Living alone is not the same as being alone

I realised the other day that I know quite a few people who live alone, but I don’t always think of them as living alone.

For example, my friend T lives in her own home but every so often stays with her partner either at his place or hers, and her university-aged children periodically return home for holidays and to do laundry. So although technically she lives alone, she doesn’t live an ‘alone’ life. And she would say the same thing.

This is quite possibly true for most people who are divorced and have kids, and for those who have re-partnered but for whatever reason have opted not to cohabit. Some people who live alone have amazingly ‘peopled’ lives, with constant and regular contact with friends, interest groups and activities.

This is not my life. I live alone but I am also very alone in the way I live. I rarely have friends over, and frequently spend the weekend having no contact with anyone. It’s not uncommon that I won’t speak to anyone all weekend. When I do, it’s most likely to be with the supermarket checkout operator or the barista at the cafe. I don’t belong to groups and participate in group activities. I like to run, but I do that on my own, early in the morning when it’s quiet and there aren’t many people around.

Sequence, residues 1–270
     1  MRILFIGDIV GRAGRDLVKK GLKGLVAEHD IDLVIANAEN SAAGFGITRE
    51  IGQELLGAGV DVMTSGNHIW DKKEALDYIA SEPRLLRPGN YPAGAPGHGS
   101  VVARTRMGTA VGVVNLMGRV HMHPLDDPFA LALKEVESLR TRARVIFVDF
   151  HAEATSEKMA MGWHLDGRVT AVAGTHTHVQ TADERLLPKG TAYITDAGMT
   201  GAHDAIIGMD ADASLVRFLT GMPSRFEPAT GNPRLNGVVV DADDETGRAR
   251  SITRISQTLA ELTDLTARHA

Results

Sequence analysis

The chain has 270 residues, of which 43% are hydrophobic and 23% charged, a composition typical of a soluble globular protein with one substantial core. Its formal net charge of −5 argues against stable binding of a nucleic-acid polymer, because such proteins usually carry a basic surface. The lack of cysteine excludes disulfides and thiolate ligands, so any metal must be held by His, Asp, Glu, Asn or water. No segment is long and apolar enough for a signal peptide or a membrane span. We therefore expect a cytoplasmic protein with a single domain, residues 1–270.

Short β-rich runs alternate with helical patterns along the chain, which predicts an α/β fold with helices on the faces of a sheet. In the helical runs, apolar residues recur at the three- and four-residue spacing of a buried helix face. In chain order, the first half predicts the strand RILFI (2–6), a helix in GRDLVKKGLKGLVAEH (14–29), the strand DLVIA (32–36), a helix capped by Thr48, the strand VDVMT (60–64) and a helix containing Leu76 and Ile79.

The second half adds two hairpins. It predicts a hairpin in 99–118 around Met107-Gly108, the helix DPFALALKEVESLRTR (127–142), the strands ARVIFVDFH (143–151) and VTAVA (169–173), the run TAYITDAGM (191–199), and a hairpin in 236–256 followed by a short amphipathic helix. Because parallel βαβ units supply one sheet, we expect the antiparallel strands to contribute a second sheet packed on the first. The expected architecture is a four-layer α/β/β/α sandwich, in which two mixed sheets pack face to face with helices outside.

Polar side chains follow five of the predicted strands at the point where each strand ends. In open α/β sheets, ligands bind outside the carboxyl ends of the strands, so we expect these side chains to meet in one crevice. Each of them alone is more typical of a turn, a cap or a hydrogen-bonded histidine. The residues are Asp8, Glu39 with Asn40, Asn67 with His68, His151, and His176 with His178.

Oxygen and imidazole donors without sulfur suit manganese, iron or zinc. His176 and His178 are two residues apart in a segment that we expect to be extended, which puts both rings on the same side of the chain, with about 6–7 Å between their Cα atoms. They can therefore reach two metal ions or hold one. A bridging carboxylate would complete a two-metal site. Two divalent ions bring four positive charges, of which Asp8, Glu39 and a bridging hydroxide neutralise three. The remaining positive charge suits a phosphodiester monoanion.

During the week, I’m surrounded by people all day, I get interrupted more often than I like, I have meetings, I talk to people for a good chunk of every day. Most of this is very draining, even when it’s good. Or especially when it’s good. So I come home very tired, and by the end of the week I am done in. My weekends are essential down time, allowing me to recover and build my strength for the coming week.

This is my choice, my preferred way of living. I need to be alone because it’s the only thing that keeps me going. Living alone is one part of that, and being alone is the other. I need both.

 

 

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